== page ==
Today I am interviewing Nathan Crowder, author of the new novel, Ties that Bind.
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DJ: Hi Nathan! Thanks for agreeing to do this interview!
For readers who aren’t familiar with you, could you tell us a little about yourself?
Nathan Crowder: I started off writing poetry. Just awful poetry. From there, I tried writing horror short fiction. Now, to be fair, I was in junior high/high school, and it was all bad and not remotely scary. I’m thankful my parents gave me encouragement and freedom to suck at something for a while so I could learn how to be GOOD at it. Everything I’ve achieved as a writer has been a result of that, despite the fact I don’t think they ever really got what I was writing about.
DJ: What is Ties that Bind about?
Nathan: Short answer, Ties that Bind is about human trafficking. Fun! Longer answer, it is about three women: one a wealthy dilettante hero, one a compromised, hard-scrabble vigilante trying to make up for her father’s sins, and one is the right hand for Cobalt City’s premier crime family. It’s about them confronting their privilege and complicity in the very real world of human trafficking, and how they can make a stand.
DJ: What were some of your influences for Ties the Bind?
Nathan: A few years ago, there was a flurry of news articles and first-person narratives from people who had escaped human trafficking. I was troubled that the reality of trafficking and human slavery was far more widespread and ignored than I’d ever realized. It’s an institution, a multi-billion dollar industry, and it’s right under our noses but we never think to question it. As is often my way, when I find out about this kind of injustice, my brain wishes there were heroes to step up and fight it head-on. It’s kind of a central theme of mine. So I considered which heroes I had kicking around Cobalt City who would make the most compelling lenses to view the situation through.
DJ: Could you briefly tell us a little about your main characters? Do they have any cool quirks or habits, or any reason why readers with sympathize with them?
Nathan: I have three focal characters in Ties that Bind. The first is Julianna “Velvet” Vanderkemp who is an heiress, a former party-girl who almost died from a designer drug cocktail several years ago and instead was gifted with extraordinary strength and sharpened intellect. Velvet is, in some ways sort of like Paris Hilton becomes Wonder Woman with Batman’s fashion sense. By way of contrast, Roberta “Bantam” Pak is a police detective sort of worn down by the system. She took up the mantle of Bantam from her father who died years ago as an enforcer for the Lo Cartel, and is trying to redeem his name but fell victim to the same compromises that he did. Finally, we have Xia “Harlequin” Lo, the adopted “niece” of Donald Lo, the city’s crime kingpin. She’s been his right hand for decades and is starting to question how things are done in the crime family.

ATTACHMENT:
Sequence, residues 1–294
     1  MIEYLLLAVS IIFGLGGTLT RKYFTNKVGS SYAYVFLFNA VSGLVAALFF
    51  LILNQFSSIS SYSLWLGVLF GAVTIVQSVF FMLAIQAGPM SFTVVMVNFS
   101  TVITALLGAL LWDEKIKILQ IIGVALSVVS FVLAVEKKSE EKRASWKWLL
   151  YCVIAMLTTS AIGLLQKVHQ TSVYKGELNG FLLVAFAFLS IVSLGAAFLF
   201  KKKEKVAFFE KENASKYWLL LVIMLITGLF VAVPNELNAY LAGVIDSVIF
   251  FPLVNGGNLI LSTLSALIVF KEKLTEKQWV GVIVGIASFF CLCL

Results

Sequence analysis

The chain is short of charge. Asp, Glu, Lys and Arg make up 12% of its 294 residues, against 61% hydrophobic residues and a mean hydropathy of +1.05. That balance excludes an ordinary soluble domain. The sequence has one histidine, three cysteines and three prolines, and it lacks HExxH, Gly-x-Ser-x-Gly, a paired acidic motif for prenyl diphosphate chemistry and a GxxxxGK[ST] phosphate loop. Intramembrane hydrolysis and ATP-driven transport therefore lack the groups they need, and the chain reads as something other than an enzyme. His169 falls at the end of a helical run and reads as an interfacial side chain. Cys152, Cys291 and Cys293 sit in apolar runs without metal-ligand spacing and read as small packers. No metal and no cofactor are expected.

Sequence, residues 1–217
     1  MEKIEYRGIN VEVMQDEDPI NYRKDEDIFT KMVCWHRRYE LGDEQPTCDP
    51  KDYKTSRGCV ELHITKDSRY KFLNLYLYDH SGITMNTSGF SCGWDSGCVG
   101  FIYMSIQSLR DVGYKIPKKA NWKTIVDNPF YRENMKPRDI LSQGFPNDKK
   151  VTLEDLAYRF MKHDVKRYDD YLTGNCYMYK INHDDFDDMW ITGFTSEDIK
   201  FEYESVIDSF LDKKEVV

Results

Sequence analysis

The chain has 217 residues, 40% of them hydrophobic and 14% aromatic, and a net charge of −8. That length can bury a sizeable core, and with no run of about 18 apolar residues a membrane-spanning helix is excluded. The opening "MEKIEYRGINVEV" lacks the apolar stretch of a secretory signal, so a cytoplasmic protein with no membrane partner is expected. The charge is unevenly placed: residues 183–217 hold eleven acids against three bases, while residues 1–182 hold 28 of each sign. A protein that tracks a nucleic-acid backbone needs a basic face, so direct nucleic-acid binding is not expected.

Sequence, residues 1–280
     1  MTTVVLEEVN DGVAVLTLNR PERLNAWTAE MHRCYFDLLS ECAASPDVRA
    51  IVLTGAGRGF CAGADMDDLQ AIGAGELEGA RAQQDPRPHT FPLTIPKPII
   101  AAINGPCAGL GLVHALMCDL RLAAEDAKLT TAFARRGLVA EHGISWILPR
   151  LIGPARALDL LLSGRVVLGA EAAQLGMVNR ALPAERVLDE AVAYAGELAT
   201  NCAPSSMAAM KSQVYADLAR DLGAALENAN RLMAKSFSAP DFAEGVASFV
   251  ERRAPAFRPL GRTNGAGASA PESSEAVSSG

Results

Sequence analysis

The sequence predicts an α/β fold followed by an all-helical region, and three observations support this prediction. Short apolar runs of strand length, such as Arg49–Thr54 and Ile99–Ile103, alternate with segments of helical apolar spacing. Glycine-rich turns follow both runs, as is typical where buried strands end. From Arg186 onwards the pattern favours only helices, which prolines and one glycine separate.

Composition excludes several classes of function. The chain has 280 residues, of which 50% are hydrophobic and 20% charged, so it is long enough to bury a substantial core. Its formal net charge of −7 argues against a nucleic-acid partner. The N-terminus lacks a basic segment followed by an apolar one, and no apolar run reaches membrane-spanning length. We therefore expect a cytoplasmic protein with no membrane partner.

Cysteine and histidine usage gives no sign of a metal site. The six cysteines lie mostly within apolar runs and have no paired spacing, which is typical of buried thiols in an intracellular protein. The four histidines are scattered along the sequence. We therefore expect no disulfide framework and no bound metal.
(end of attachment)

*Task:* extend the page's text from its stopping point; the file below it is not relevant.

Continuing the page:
DJ: What is the world [What is the name of the universe] and setting of Ties that Bind like?
Nathan: Cobalt City is a lot like our world, except for the superheroes, alien invasions, ancient god, and parallel universes. It’s set on the edge of Cape Cod, just south of Boston. It has a long tradition of heroes dating back to the Revolutionary War. It’s said that if you want to be a movie star, you go to Hollywood, country singer—Nashville, stage actor—New York. And superhero—Cobalt City.
DJ: What was your favorite part about writing Ties the Bind?
Nathan: I’ve had Harlequin sort of in the background of earlier Cobalt City books. She also plays a big part in the future of the De la Vega Mysteries as an ally of Gato Loco, because I like how they play off each other. But I’ve never really had the opportunity to do something more with her. By contrasting her against both Velvet and Bantam, she opened up a whole other level of Ties that Bind that turned the story in a different direction. Plus, I love Robbie Pak. She’s the kind of street level hero I love, a C-lister who is cautious about swimming with the big fish who quickly finds herself rising to the situation.
DJ: What do you think readers will be talking about most once they finish it?
Nathan: Hopefully, it will be an increased awareness of human trafficking and asking themselves what they can do to help. I’d also be happy if they were excited to see more of Bantam, because I fell in love with her in this book, and devoted a string of stories to her on my Patreon.
DJ: Did you have a particular goal when you began writing Ties the Bind? Was there a particular message or meaning you are hoping to get across when readers finish it? Or is there perhaps a certain theme to the story?